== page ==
DR. HUBERT HALL
PUBLIC RECORD OFFICE
Dr. Hubert Hall, Litt.D., F.R.Hist.S., F.S.A., formerly of the Public Record Office, lost his life in July by enemy action.
Hubert Hall was born at Hesley Hall, Yorkshire, in 1857, the son of Richard Foljambe Hall, and educated at Shrewsbury. Though circumstances made him a scholar and a townsman, he retained through life a countryman's interests and outlook. There are still some who can remember happy holidays at Stiffkey Old Hall, which he used to rent; when he showed himself (rather surprisingly if one had known him only in his London habit) a keen fisherman and good shot; and at all times, even in Chancery Lane, he was a convinced and zealous gardener.
In 1879 he entered the Public Record Office through the open Civil Service competition, and he remained an officer of that department till his retirement in 1921. For many years his work lay in the Government search room, where he did much to produce order in the chaos of unlisted and unindexed departmental archives. These great series had tended to be reckoned of little account compared with the medieval enrolments. Hall, though he did not neglect the earlier, became a recognized authority on these later sources, one to whom an increasing band of students — notably from America — turned confidently as to a sure guide. But it was perhaps his appointment as resident officer in 1891 which did most to shape his career. From the first he had realized that not only a few stately series, but practically all the thousands of classes which lay uncultivated in Chancery Lane contained material for studies of the first importance. So early as 1885 he had produced two volumes on the little known subject of the Customs revenue. Official duties which obliged him to be present in the office at all hours and to familiarize himself with records of all classes supplied both stimulus and opportunity during the next 35 years for a succession of notes, articles, and books ranging in a way no other scholar had attempted from the twelfth to the nineteenth century, over every category of the Public Records, legal, financial, and administrative, and into all departments of history from the genealogical to the economic. This devotion by an official of all his leisure to tasks so germane to the work of the office, while it added to his personal reputation, had a value for the department which it would be difficult to exaggerate.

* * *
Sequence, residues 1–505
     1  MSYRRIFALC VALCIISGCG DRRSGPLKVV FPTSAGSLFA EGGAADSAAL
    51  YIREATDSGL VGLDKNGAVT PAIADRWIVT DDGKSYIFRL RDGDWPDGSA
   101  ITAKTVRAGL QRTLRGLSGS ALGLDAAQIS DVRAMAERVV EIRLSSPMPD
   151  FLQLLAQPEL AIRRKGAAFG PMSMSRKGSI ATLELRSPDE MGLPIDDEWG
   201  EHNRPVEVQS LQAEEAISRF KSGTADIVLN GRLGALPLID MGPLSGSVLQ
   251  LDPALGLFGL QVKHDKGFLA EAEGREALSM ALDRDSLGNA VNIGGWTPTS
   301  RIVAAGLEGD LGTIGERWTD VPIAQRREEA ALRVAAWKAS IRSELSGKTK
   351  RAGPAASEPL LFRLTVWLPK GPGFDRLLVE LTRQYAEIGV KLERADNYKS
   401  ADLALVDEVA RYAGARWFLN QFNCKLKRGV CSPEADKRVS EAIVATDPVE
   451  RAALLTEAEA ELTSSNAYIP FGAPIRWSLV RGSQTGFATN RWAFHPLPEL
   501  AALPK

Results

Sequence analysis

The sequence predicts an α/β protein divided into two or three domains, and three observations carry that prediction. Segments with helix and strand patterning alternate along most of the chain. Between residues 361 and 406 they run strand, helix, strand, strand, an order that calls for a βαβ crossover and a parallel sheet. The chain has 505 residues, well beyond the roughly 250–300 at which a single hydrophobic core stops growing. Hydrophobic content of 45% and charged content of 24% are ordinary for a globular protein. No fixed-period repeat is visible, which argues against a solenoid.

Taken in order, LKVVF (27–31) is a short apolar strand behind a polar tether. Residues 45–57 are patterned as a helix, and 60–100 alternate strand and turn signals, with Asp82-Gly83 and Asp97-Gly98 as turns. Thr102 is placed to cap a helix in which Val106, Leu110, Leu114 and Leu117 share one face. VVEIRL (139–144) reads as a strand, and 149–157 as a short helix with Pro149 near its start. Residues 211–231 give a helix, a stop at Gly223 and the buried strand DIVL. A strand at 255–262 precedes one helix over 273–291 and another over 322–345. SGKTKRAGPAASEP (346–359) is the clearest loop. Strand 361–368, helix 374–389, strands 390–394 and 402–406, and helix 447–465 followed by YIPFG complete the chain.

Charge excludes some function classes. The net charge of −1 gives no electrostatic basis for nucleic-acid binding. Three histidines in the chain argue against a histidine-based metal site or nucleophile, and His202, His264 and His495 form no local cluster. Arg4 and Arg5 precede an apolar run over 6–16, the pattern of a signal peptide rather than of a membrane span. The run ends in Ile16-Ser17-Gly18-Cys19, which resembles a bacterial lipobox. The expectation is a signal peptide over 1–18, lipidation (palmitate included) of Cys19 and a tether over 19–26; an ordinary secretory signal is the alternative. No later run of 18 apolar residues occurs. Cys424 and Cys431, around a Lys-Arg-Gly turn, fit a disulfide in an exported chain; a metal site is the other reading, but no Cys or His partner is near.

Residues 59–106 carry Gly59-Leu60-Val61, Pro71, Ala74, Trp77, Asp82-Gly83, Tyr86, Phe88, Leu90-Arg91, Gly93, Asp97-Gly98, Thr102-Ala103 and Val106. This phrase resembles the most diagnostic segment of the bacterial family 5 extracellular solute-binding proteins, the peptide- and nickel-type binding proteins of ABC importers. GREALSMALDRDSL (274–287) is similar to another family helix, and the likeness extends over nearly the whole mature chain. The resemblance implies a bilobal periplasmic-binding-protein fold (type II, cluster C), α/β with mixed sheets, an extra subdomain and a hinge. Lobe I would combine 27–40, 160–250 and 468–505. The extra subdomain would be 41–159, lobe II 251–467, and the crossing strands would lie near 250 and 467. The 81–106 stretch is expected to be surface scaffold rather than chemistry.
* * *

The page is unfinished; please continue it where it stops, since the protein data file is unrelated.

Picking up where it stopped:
Hall attempted another activity in 1891 which greatly influence his life — that of literary director of the Royal Historical Society. That body was at the time almost moribund, and it fell to him and a few others to reshape its policy. For 47 years he not only supervised the preparation of an annual volume of serious studies, with all that entailed of personal contacts and editorial labour, but also recommended for publication and saw through the press a like number of texts drawn from the most diverse sources and edited by students and scholars of every historical grade. The width of interest, knowledge, and sympathy necessary for such a great task needs no comment. A third great contribution to knowledge, his teaching, can be mentioned only briefly. For over 30 years, first at London School of Economics, later at King's College and then again at the school, he conducted classes and practical seminars in palaeography and in economic history which added largely to the number of those who found inspiration not only in his learning but in his generous and patient helpfulness. Finally from 1910 to 1918 came his service as secretary to the Royal Commission on Public Records. No task engaged more his interest and devotion, and the appendices to three reports, largely the result of his personal labours, will prove perhaps the most permanently consulted of all his works. In 1920 the University of Cambridge bestowed on him the honorary degree of Litt.D.
The outstanding feature of his great mass of achievement was its pioneer quality. When hardly anyone in England had thought of teaching people to read medieval writings he thought of it and did it. While others still saw little of interest in the Public Records beyond the Chancery enrolments he was exploring the port books. When for most people archives were only collections of documents to be valued according as they served or did not serve the known interests of the present, he saw in them parts of one vast body whose unlimited usefulness must be safeguarded for the unknown interests of the future. He blazed the trails which many now follow. Of his individual and attractive personality much might be written. Many found in the reserved and erudite scholar a humorous and delightful companion and most loyal friend. His widow and son survive him.